Letting go in the holiday tug-of-war

It’s the most chaotic time of the year. With the start of November, parents start feeling the pull of the holidays. The stress of budgeting for presents, travel, and holiday events is enough to rattle anyone’s holiday spirit, and trying to manage invitations, obligations, and special events has many parents changing their tune from “Let it Snow!” to “Let it be over!”

For many, it all starts with a simple question: what should we do for the holidays? This quickly snowballs into a never-ending list of follow-up questions. Should we travel? Should we stay home? Should we host friends? Should we visit family? What can we afford? Competition for your and your family’s time — from in-laws, siblings, friends, and work — has many parents wishing they could skip the holiday hoopla altogether.

Yet, there are ways to navigate the murky seas of familial and social obligations that accompany the holidays. All you need are a few strategies for getting organized, staying honest, and knowing when to say “no thanks, but…” Read on to find out how to let go in your holiday tug-of-war.

Define non-negotiables

Every family has certain commitments that are non-negotiable. You simply need to make time for them in your schedule. Do yourself and your family a favor by determining what these are as early as possible.

Does your oldest child have final exams to study for? Or maybe your little one has a speaking role in the holiday pageant? Consider both scheduled events like parties, and ongoing ones like music lessons or sports.

Compile a list of not-to-be-missed events for all of your family members, and note dates, venues, and times so you aren’t frantically searching for them at the last minute.

Put it (all) in writing

Once you’ve established your family’s non-negotiables, put every single one of them in writing. But don’t stop at a list. Write the dates on the family calendar. (And if you don’t have one of these, please create one immediately!)

This does not mean simply logging things in your smartphone or personal planner. Important family events need to be visible to parents and kids. This helps avoid conflict because everyone can see when something is happening, and also gives everyone a sense of ownership in making holiday plans. So if you expect your partner to attend your holiday office party, don’t just assume it’s a go — put it in VISIBLE writing.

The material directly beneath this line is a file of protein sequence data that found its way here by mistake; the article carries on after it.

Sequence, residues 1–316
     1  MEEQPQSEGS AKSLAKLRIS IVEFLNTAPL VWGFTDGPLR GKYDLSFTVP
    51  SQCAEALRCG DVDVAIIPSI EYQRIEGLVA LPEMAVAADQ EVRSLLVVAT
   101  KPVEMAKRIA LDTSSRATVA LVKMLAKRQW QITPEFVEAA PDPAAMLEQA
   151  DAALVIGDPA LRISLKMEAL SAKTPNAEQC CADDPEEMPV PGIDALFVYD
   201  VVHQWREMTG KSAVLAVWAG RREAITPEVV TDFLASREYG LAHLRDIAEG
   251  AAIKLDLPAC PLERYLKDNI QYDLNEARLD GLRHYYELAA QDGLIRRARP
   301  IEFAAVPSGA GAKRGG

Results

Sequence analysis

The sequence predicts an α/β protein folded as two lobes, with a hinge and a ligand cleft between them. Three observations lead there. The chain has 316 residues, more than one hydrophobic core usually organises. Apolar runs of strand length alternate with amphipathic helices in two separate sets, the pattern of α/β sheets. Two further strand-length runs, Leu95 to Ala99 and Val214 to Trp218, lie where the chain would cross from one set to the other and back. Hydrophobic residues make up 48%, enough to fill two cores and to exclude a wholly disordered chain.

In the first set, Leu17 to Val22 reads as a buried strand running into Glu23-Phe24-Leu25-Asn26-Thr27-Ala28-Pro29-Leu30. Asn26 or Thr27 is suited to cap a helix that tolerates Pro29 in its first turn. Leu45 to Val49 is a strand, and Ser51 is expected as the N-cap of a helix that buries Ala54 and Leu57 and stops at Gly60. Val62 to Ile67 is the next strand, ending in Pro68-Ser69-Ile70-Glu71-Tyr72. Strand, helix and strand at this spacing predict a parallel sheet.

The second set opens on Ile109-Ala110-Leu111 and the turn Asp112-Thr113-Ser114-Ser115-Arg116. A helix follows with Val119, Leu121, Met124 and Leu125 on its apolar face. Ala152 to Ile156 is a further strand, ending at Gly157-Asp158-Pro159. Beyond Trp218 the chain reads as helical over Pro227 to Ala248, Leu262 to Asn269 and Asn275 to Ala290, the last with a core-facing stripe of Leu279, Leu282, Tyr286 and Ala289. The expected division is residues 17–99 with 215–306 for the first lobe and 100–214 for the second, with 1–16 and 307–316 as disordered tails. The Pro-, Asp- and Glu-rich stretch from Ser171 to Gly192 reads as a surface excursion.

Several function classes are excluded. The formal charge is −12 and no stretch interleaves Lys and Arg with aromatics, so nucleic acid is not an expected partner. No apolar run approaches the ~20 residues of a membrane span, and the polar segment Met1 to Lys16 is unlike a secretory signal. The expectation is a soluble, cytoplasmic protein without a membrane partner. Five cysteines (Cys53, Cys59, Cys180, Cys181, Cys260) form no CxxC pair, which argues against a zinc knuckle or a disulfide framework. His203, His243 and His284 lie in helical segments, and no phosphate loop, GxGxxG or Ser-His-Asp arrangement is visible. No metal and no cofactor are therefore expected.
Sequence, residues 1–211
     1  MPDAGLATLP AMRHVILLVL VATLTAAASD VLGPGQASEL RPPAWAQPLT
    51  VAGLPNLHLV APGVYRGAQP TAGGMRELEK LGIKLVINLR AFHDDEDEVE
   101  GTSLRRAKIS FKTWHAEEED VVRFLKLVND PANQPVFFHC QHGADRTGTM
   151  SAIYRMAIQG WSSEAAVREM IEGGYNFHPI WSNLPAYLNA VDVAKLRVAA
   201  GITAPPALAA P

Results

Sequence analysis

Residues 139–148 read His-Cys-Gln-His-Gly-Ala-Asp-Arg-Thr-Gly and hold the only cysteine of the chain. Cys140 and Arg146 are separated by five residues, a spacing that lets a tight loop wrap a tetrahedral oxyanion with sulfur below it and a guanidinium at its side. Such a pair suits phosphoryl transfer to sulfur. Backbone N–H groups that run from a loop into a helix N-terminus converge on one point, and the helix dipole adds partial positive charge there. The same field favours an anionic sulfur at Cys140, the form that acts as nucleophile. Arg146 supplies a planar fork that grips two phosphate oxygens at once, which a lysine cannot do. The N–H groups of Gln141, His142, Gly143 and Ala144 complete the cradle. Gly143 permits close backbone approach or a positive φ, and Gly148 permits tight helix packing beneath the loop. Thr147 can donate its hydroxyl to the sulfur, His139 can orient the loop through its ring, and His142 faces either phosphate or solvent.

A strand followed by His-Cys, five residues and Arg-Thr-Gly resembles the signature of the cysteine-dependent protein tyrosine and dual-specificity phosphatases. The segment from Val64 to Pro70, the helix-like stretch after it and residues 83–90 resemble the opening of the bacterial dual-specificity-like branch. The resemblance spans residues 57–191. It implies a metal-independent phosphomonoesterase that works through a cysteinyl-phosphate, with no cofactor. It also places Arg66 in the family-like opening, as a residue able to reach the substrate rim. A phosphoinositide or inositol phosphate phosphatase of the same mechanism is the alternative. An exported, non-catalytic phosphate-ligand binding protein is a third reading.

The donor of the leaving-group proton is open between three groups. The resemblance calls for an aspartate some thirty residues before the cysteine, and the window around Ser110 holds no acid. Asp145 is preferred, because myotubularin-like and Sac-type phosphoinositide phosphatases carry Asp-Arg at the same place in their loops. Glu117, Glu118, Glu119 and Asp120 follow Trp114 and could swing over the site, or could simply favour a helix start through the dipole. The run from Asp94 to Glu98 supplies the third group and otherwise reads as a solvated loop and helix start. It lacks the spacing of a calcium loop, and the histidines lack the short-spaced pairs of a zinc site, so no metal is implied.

Check in

As tempting as it might be to reply “yes” to the first ugly-sweater party invitation that lands in your inbox, resist the urge. It’s unfair of you to commit to something without talking it over with the rest of the family. You may be thrilled at the prospect of having Thanksgiving dinner with your parents at a nice restaurant, but your kids may want to relax and stay home.

Check-in with your home team before you make any decisions. You’ll avoid making assumptions, and are less likely to encounter whining and grumbling down the road. By seeking out other’s opinions and ideas in the planning phase, you may find yourself on the receiving end of the same respectful consideration in the future.

Consider your kiddos

When making holiday plans, it’s often easy to assume that your kids, especially if they are young, will roll with whatever you decide to do. But stop and think for a minute: do you really want to fly (and risk delays and overbookings) across the country when your kids want to cozy up with you at home?

For many, the magic of the holidays dwindles as we get older. If you have little ones, consider taking it easy and establishing traditions at home over the holidays. If your kids are older, you need to talk with them about their school work, activities, and sports schedules — many of which do not take a hiatus over winter breaks.

Put forth a Plan ‘B’

Refusing an invitation, especially from a family member, can be tricky. You don’t want to hurt anyone’s feelings or make things awkward.

Instead of simply saying “no thank you,” or “sorry, we can’t make it,” offer an alternative. So maybe you can’t attend Christmas dinner at your in-laws’. Offer to host them for a New Year’s Day brunch instead. Better yet, save yourself some stress and plan a get-together for later in the month. Why not take advantage of one of the long weekends in January or February for a low-key visit?

Take time for the team

Amidst the chaos of holiday shopping, decorating, and socializing, keep in mind that one of the goals of this time of year is to celebrate with loved ones, especially your immediate family. That’s difficult to do if you’re always worrying about catching a flight to somewhere, or spending days trapped in the kitchen preparing a meal.

Make it a point to carve out some family time with your kids, whether they’re toddlers or teenagers. You won’t have them home with you forever, and now is the time to make some memories that they can cherish. Schedule a game night, have a cookie-baking party, or get outdoors and build a snow family. Whatever you decide, make that time sacred and family-only. You’ll all be thankful you took some time to relax and enjoy each other’s company.

Remember, the holidays aren’t about accepting every invitation that comes your way. Take some time, before the frenzy begins, to think about what you and your family should hold on to, and ways you can let go.

Enjoy the season.

Beth Fornauf is a freelance writer. She plans to celebrate the holidays by hosting family, relaxing with her husband and two children, and enjoying some fun in the snow.